Django’s ‘French’ Luthier’s
A luthier is someone who makes or repairs stringed instruments. The word luthier comes from the 19th Century French word luth meaning “lute”
Julian Gómez Ramirez was born in Madrid in 1879. About 1892, he began an apprenticeship with Agustín Andrés. By 1910, however, he was working as a journeyman in the shop of José Ramirez I. Although not related to Ramirez, the Ramirez family claims him as a disciple of Ramirez I. According to Robert Bouchet, Julian told him he had worked for Manuel Ramirez before coming to Paris around 1914. He remained in Paris until his death in 1943. Julian Gómez Ramirez was befriended by Robert Bouchet (1898-1986), and was a frequent visitor in Julian’s tiny, dark and jumbled workshop, and credits Julian with inspiring him to become a guitar maker. Despite the working conditions in his shop, Julian Gomez Ramirez produced guitars of genuine quality. Among the players who owned his guitars was the concert guitarist Ida Presti (1924-1967).
All Sicilian luthiers were born in Catania, at the foot of Etna, the volcano. The poor economy of the region highly contributed to the huge migrant wave in the 20s towards France that gave birth to an extraordinary school of French luthiery.
The luthiers from Catania are to be mentioned:
Pappalardo, Antonio Di Mauro, Amico, Anastasio, Bernabe ‘Pablo’ Busato, Bucolo, Castelluccia, Favino, Olivieri, Burgassi, Martella, Grizzo, Rossito, Petillo… among many others.
For a long time nobody was even sure if there even was a person named “Busato” although it turns out that there was. He died in 1952, a year before Django. Information on Bernabe Busato and his shop is sketchy at best. At first we thought that it was just a name, because the workshop appeared to move frequently, or else there was more than one. There were also Busato accordions being made at the same time crafted by another firm (Castagnolo? Fratelli Crosio?) and sold through Busato‘s shop with his name on them. He also made or sold banjos, basses, etc.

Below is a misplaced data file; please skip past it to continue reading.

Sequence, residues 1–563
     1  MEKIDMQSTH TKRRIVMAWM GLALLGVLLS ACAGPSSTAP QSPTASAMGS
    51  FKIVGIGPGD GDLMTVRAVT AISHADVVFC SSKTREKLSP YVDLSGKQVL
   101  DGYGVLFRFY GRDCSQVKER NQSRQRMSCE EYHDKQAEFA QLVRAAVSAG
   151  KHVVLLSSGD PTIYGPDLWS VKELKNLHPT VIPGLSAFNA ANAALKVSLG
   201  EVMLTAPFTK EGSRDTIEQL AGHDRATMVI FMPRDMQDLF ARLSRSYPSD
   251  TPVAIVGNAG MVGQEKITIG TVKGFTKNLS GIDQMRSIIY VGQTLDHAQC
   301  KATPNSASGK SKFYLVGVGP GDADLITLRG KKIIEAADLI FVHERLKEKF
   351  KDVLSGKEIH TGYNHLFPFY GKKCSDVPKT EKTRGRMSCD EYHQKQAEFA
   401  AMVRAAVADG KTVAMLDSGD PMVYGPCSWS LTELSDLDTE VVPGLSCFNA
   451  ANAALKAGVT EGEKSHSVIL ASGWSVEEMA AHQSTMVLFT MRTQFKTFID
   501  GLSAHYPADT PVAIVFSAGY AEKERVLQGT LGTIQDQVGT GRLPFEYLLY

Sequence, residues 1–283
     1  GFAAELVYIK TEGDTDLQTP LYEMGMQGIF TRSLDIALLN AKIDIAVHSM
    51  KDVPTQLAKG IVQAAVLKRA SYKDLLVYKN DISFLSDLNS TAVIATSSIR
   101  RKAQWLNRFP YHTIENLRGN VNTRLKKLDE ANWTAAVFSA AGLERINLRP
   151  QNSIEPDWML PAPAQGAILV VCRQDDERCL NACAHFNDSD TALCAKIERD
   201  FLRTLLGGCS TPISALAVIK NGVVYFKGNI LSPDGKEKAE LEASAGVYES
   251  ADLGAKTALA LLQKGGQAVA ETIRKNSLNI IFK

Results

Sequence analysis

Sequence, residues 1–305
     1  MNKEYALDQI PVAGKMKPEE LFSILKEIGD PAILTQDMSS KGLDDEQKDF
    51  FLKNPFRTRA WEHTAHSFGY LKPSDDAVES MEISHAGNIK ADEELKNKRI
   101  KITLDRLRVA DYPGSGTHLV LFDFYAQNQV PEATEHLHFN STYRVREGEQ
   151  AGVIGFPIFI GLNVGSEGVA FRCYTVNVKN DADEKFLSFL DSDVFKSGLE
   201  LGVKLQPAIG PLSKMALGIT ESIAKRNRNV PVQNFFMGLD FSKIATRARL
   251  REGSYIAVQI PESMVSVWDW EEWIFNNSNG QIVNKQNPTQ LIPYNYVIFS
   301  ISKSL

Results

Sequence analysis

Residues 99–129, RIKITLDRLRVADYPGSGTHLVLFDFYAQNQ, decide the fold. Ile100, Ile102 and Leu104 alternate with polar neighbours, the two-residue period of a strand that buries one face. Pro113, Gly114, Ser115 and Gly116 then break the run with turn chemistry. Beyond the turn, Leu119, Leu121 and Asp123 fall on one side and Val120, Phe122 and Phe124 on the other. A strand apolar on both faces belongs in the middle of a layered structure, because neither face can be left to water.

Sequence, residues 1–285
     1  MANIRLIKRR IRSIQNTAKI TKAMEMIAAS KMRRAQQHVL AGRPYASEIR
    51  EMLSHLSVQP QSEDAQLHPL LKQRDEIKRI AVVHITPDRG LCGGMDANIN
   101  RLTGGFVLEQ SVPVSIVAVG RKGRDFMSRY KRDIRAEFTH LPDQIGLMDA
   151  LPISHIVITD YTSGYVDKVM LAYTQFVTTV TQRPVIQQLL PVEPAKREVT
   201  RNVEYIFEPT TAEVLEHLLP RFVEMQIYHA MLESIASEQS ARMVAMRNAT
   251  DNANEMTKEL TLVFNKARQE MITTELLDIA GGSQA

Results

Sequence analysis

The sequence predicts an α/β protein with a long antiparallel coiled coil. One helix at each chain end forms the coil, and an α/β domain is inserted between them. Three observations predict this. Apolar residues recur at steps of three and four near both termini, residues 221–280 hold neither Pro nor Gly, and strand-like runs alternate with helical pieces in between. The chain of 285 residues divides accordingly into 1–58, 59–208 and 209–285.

In Marseille Arthur Carbonell-Torres II was actively producing fine guitars until he ended his very full career in 1975. His father had been a guitar maker in Valencia before he opened a workshop in Marseille around 1922 where he taught his son the craft. After the second world war the son turned to the construction of concert guitars (numbered from about 300 to 580). He taught the craft to Joel Laplane who took over the workshop in 1975.
Django was also photographed with a Carbonnell and owned a Busato.
During the 1930s, the guitar was played by such popular musicians as the singer Tino Rossi, and a jazz artist like Django Reinhardt took it to the highest level of esteem and created a demand which was satisfied by the new luthiers who came with the cabinetmakers from Italy to Paris during the 20s. Some of them came from Catania, Sicily, a manufacturing centre which furnished a lot of cheap instruments for the popular music market. The first to open a workshop in Paris was V. Jacobacci whose workmen were to become many of the luthiers of the future. These new arrivals were named Pappalardo, Di Mauro Amico, Anastasio, Busato, Bucolo, Castelluccia, Favino, Oliveri, Burgasssi, Martella, Grizzo, Rossito, Petilio, etc. They built mandolins, banjos and guitars in large quantities. They worked hard and produced very fairly priced instruments.
Some of their sons, like Pappalardo, Favino, Anastasio and Castelluccia, still carry on their family enterprises today.
One of these emigres had a remarkable international destiny. His name was Mario Maccaferri, born at the beginning of the century near Bologna. Having studied guitar playing and guitar making with Luigi Mozzani in that city, he moved to Paris in 1919, then to London and began a career as guitarist, luthier, engineer and business man. Around 1930 he developed three guitar models for the French firm of Selmer: classical, jazz or orchestra, and Hawaiian. The classical and jazz models had a unique appearance and featured a large cut-away on the upper bout so the left hand could easily reach the highest notes. Classical guitarists did not adopt that feature, but jazz players made it a great success, Django Reinhardt 1st and foremost. The production of these guitars by Selmer lasted only a short time because of a disagreement between the 2 partners. The design eventually entered the public domain and was taken up for many years by the Italian luthiers of Paris. Just before the 2nd World War (1939-1945) Maccaferri emigrated to the United States and started a successful company that made clarinet and saxophone reeds. Shortly after 1954 he invested a lot of money in the manufacture of plastic guitars which were cleverly designed and very affordable, but they proved to be a failure. However, his ukuleles made of the same material became a huge success and more than 9 million were sold.